Be more specific.

I’m always telling my students to be more specific in the papers and articles they write for my class. But how often in our daily lives do we remember to be specific? How often, in the stories we tell people, do we remember to add the “telling detail”? In one of our classes, Crystal gave a great example. If you’re on stage, you can hold up a cupped hand and say, “Look at this!” Or you can hold up a cupped hand and say, “Look at this one-eyed toad!” Only one of those spurs a flood of creativity. Specificity encourages creativity.

You can never “yes and” too much.

The Box also taught me what Jim Carrey’s character from “Yes Man,” has known since 2008: Saying “yes” to opportunities leads to an infinitely more creative life, with untold opportunities for growth. This tenet of improv is one reason why this form of comedy works with my personality more than other forms. Because it’s about teamwork. It’s about building something together. It’s about making each other look good. It’s about the community more than the individual.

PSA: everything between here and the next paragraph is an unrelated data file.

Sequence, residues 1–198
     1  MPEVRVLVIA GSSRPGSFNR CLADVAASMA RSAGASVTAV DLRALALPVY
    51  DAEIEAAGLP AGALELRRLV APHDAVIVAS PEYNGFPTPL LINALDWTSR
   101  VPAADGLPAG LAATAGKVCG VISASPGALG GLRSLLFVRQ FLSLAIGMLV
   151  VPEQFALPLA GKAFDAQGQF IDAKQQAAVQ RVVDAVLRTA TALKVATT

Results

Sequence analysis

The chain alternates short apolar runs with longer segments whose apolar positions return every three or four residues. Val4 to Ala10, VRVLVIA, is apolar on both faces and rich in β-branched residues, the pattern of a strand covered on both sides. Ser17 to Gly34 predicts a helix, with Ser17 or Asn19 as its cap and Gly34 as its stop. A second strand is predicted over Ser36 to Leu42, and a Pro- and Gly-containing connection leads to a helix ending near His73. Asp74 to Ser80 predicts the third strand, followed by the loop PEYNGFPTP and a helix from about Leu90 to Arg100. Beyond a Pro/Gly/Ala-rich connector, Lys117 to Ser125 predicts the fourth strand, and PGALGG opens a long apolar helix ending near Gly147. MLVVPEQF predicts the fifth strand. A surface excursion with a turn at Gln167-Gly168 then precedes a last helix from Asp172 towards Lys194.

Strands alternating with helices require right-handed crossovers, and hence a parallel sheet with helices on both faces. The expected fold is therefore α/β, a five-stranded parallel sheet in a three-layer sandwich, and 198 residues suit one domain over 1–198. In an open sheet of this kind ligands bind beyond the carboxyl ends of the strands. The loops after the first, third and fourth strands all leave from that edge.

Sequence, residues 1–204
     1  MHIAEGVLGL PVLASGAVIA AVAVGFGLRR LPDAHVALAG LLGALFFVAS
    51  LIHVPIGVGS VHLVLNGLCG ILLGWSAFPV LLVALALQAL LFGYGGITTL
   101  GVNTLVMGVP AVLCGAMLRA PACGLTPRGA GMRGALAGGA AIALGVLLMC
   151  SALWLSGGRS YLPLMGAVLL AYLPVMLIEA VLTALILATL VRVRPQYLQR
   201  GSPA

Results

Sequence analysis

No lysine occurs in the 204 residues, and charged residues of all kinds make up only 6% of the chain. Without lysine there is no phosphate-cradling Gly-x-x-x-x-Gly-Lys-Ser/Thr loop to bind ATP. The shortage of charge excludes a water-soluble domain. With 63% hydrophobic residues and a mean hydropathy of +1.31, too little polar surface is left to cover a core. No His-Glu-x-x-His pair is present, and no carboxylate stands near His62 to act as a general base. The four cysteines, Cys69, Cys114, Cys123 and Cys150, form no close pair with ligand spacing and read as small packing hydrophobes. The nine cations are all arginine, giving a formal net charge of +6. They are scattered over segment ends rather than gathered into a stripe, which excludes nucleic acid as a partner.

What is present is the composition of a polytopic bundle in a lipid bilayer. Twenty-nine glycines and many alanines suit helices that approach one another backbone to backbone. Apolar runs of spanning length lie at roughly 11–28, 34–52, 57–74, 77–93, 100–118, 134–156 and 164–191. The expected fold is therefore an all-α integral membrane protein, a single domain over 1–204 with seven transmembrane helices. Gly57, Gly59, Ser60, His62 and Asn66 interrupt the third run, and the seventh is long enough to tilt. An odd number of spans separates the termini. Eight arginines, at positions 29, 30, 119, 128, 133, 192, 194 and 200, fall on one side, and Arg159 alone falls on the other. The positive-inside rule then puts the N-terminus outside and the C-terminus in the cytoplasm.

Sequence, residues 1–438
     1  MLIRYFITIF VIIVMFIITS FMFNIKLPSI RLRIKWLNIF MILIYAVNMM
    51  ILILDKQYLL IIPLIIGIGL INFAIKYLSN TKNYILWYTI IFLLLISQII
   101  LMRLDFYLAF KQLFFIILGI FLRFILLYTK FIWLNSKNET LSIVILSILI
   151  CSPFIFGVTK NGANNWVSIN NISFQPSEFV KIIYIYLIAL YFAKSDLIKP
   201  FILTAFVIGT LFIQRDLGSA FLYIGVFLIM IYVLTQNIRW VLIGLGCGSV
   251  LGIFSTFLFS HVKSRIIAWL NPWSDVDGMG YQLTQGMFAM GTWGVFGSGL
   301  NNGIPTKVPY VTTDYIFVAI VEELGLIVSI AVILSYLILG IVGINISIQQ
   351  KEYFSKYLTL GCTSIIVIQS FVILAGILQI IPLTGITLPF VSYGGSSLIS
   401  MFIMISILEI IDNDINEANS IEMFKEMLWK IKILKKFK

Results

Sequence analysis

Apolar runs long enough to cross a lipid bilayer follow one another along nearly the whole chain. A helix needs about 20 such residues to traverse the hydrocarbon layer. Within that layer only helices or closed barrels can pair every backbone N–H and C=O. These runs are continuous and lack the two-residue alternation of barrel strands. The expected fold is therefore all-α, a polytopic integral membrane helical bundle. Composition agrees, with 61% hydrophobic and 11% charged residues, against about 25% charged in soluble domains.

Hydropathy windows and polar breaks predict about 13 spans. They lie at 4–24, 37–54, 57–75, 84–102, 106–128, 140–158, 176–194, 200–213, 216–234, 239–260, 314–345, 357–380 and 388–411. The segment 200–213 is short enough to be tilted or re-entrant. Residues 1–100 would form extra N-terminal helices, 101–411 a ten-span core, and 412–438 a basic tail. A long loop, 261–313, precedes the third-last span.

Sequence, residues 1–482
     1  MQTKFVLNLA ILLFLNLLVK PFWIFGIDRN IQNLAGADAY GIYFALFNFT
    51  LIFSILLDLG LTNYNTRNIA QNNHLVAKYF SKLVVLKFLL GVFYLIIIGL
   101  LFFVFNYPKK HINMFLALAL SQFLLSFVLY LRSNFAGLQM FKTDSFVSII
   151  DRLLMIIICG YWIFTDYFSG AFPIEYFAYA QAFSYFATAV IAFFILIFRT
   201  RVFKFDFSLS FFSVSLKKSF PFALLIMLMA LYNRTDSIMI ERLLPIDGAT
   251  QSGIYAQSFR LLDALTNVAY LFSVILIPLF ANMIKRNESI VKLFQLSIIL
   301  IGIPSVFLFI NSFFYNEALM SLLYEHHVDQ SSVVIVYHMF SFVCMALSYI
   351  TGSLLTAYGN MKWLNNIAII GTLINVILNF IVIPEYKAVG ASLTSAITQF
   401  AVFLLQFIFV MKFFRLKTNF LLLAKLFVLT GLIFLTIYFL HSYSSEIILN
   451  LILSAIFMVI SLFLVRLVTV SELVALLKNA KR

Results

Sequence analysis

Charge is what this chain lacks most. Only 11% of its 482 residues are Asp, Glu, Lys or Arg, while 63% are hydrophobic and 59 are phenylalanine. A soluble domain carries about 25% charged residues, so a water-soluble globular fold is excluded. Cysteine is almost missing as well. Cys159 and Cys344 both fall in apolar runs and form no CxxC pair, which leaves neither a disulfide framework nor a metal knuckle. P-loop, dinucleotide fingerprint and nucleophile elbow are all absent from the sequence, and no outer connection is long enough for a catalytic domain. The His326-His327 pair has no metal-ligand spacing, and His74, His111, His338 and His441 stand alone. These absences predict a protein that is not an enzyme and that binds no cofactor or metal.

One time my classmate Taylor constructively pointed out when I’d negated my classmate Anne in a scene. I didn’t even realize I had done it. But once it was pointed out to me, I made a conscious effort to say “yes” to new assertions as they arose. I made sure to accept — and add to — what my teammates gave me. That’s also not a bad way to live your life.

David Wheeler